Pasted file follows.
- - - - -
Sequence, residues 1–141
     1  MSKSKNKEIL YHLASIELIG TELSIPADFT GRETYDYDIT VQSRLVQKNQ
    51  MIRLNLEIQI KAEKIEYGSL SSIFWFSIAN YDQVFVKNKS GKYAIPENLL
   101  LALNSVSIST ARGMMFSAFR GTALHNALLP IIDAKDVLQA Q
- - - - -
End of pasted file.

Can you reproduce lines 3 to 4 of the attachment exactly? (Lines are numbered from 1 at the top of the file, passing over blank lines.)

    51  MIRLNLEIQI KAEKIEYGSL SSIFWFSIAN YDQVFVKNKS GKYAIPENLL
   101  LALNSVSIST ARGMMFSAFR GTALHNALLP IIDAKDVLQA Q